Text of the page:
Researchers at Uppsala University and University Children's Hospital in Uppsala have devised powerful new tools for typing cells from children with acute lymphatic leukemia and for prediction of how children with leukemia will respond to chemotherapy. The study was recently published in electronic form by the hematological journal Blood.
Acute leukemia is the most common form of childhood cancer. The new study shows that DNA methylation is a promising tool for predicting disease progression. DNA methylation is a so-called epigenetic change in the genome. Epigenetic changes are alterations of the genomic DNA that do not affect the DNA sequence -- as opposed to hereditary mutations.
The present study analyzed DNA methylation of the DNA of bone marrow cells from 400 children with acute lymphatic leukemia (ALL) from the Nordic countries. These samples are unique in an international perspective. During many years pediatric oncologists in the Nordic countries have collected detailed information about the patients and documented it in a Nordic database.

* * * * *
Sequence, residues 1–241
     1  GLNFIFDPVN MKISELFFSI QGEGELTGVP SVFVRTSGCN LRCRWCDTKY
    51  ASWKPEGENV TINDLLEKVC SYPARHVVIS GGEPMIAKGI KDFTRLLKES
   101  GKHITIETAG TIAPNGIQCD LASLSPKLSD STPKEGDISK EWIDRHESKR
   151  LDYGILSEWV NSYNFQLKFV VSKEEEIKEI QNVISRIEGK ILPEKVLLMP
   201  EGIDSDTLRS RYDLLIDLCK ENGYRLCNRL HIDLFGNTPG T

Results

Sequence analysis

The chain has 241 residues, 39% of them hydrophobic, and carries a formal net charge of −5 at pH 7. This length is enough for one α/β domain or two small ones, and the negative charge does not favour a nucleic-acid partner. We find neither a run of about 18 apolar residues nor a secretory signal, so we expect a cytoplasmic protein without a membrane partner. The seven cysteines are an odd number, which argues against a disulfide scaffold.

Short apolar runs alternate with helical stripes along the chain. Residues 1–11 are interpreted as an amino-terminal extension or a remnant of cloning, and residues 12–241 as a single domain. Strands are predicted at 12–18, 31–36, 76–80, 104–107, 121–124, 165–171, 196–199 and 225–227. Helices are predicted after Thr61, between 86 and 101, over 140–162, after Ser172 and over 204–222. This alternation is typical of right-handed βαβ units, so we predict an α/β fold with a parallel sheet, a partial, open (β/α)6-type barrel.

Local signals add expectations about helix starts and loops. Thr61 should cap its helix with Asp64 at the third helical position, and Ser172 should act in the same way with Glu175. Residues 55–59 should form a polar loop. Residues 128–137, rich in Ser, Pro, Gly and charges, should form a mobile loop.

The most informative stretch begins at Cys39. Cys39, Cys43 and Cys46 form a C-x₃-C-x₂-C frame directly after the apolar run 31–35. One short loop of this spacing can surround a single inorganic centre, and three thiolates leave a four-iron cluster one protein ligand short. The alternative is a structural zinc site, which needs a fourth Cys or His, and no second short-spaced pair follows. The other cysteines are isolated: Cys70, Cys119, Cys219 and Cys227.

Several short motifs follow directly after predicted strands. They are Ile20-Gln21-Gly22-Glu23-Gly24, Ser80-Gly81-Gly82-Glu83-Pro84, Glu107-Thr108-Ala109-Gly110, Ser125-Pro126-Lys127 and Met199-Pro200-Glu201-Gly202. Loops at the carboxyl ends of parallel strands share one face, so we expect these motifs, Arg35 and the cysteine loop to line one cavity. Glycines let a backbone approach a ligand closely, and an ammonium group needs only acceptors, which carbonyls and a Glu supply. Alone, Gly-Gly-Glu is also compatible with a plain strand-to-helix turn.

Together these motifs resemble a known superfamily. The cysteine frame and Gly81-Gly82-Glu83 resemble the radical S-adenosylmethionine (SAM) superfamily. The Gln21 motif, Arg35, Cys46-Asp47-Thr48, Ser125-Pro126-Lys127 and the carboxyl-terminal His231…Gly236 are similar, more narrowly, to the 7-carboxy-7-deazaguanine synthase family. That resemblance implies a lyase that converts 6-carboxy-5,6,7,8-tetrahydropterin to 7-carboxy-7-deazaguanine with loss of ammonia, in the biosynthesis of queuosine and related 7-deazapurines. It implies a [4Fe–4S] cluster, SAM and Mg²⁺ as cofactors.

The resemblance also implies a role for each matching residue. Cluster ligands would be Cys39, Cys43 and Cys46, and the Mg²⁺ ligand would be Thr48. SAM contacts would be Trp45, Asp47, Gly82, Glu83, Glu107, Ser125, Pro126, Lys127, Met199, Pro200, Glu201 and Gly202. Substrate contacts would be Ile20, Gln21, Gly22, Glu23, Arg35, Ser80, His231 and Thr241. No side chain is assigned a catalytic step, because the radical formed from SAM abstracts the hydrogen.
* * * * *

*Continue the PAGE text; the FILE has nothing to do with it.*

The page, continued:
On the basis of a preliminary analysis of 8,000 human genes, the scientists selected 400 genes for analysis of DNA methylation. Methylation analysis of only 40 genes allowed subtyping of leukemic cells from the patients with a similar accuracy as is achieved by cytogenetic methods routinely used today. The researchers also identified groups of genes whose DNA methylation levels correlated with the treatment response in ALL patients.
The studied was directed by Professor Ann-Christine Syvänen at Uppsala University and Professor Gudmar Lönnerholm from Uppsala University Children's Hospital.
"Our findings indicate that analysis of DNA methylation of a limited number of methylated bases in DNA can be used as markers in a DNA test to identify those groups of patients who will not respond to leukemia treatment," says Professor Ann-Christine Syvänen.
Despite recent dramatic improvements in methods of treatment for acute childhood leukemia, certain groups of patients do not respond to chemotherapy and suffer relapses.
Human DNA contains tens of millions of bases that can be methylated. Hopefully the results from the study will also contribute to an increased understanding of epigenetic mechanisms that cause leukemia. Epigenetics is a new research field for which technology for genome-wide studies has become available only recently.
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